John E. Donelson
Professor of Biochemistry
University of Iowa
I grew up on a farm in Iowa. After obtaining a B.Sc. degree in biophysics, I wasn’t sure what I wanted to do for a career, so I joined the American Peace Corps and was assigned to be a science and math teacher in Ghana, West Africa. My two years as a Peace Corps Volunteer were a fantastic experience. I taught in the 6th-form (equivalent to American junior college) at a boarding school in Dormaa Ahenkro, an up-country town on the Ivory Coast border. I taught calculus, physics, organic & physical chemistry, and other subjects I myself had taken in college only a year or two before. The students were bright & highly motivated, knowing that education was their only way out of poverty. To this day, I have fond memories of Ghanaian people and their culture.
The students and townspeople in that part of Ghana were always battling infectious diseases, often coming down with malaria & schistosomiasis and occasionally getting African sleeping sickness or river blindness. Their only real medical help came from a poorly supplied mission hospital. At the time, I did not think I was interested in medicine. The school subscribed to Scientific American, which came by sea freight 8-10 months late, and I realized from reading it that a revolution was going on in molecular biology that I decided to participate in. So, I returned to the United States as a graduate student at Cornell University in upstate New York, and for the next nearly 10 years did not think much about the parasitic diseases I had seen in Ghana. I obtained a Ph.D. in biochemistry and did post-doctoral stints at the MRC Laboratory for Molecular Biology, in Cambridge, England, with Fred Sanger, who was soon to receive his second Nobel Prize, and at Stanford University with David Hogness in a Drosophila lab. I had the good fortune in Cambridge of helping to develop DNA sequencing techniques and at Stanford of contributing to the new recombinant DNA techniques. I became an Assistant Professor of Biochemistry at the University of Iowa and my first independent research projects were on yeast and Drosophila.
One evening at a party I had a chance conversation with George Cain, a parasitologist in the Biology Department at Iowa, who pointed out I should apply my molecular biology skills to studying the parasites that cause the tropical diseases I had seen in Ghana. As I thought about it, I was delighted to see a link between African diseases and the emerging power of molecular biology research. In 1980 I took a year’s sabbatical leave to work at an internationally funded laboratory in Nairobi, Kenya, East Africa, then called the International Laboratory for Research on Animal Diseases (ILRAD). ILRAD was a vibrant place and I learned to work in the laboratory on African trypanosomes, which cause African sleeping sickness. That was a watershed year for me. When I returned, I was no longer interested in model organisms such as yeast and Drosophila. Instead, I was committed to working on the parasites causing the diseases I had seen years earlier in Ghana. My laboratory’s first contribution in this area was to determine the sequences of two 1-kb minicircles of Trypanosoma brucei, at a time when DNA sequencing was still in its infancy. We went on to investigate the molecular basis of antigenic variation in T. brucei and other features of this continually fascinating protozoan organism. We also established long-term collaborations with two other faculty members at the University of Iowa, Mary Wilson and Vaughn Kirchhoff, on the study of Leishmania chagasi and Trypanosoma cruzi, which cause visceral leishmaniasis and Chagas disease, respectively, in Latin America. For a number of years we also studied Onchocerca volvulus, the worm that causes river blindness.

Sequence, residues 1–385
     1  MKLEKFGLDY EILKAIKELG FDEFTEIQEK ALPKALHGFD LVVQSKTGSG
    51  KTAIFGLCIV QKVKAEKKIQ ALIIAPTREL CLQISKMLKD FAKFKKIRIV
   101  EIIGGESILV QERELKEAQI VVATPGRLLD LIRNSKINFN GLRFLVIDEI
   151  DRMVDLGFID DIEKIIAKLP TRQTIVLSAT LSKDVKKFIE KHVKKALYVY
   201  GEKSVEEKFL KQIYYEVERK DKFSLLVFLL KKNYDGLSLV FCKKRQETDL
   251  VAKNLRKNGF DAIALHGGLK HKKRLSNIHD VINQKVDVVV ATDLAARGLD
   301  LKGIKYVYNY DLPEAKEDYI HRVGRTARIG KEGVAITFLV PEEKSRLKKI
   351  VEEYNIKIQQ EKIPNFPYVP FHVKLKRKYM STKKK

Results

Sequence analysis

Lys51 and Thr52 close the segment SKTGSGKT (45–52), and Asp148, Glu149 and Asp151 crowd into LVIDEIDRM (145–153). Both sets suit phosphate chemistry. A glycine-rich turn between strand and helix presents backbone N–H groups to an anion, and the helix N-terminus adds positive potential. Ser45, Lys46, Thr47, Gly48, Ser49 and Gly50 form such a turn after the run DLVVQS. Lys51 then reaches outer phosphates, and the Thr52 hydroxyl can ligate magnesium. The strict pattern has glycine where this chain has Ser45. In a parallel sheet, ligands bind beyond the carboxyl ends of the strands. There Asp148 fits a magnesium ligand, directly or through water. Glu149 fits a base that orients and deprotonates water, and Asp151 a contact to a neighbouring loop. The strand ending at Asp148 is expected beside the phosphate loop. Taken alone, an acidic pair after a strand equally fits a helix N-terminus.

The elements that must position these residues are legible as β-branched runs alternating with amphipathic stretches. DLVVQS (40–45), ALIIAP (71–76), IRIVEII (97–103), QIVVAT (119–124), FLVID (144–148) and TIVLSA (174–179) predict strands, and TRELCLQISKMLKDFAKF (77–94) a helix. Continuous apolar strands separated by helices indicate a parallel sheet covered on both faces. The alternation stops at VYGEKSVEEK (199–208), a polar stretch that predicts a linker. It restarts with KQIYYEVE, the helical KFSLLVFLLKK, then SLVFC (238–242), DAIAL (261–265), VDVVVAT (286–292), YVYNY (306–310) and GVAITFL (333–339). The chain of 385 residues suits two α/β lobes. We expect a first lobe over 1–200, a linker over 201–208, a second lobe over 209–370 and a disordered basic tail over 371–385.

In the late 1980s and early 90s I participated for several years in the summer course on molecular parasitology at the Marine Biological Laboratory in Woods Hole, Mass. I had never taken a course in parasitology, so most of the basic parasitology I know was acquired by teaching and participating in this course. I thoroughly enjoyed the course and the stimulating scientific environment of Woods Hole.
The field of molecular parasitology has advanced and expanded enormously since I entered it a quarter century ago – to the point where we now know the entire genomic sequences of several tropical parasites. An awkward reality is that all of this increased knowledge has not translated into elimination, or even better management, of most of the tropical diseases I first saw in Ghana. Nevertheless, it often takes 25 years or more for basic science discoveries to be converted into practical applications. The next 25 years of molecular parasitology research should be as interesting and exciting as the past 25, and I am confident it will provide some real prospects to eliminate or better deal with parasitic infections in developing countries.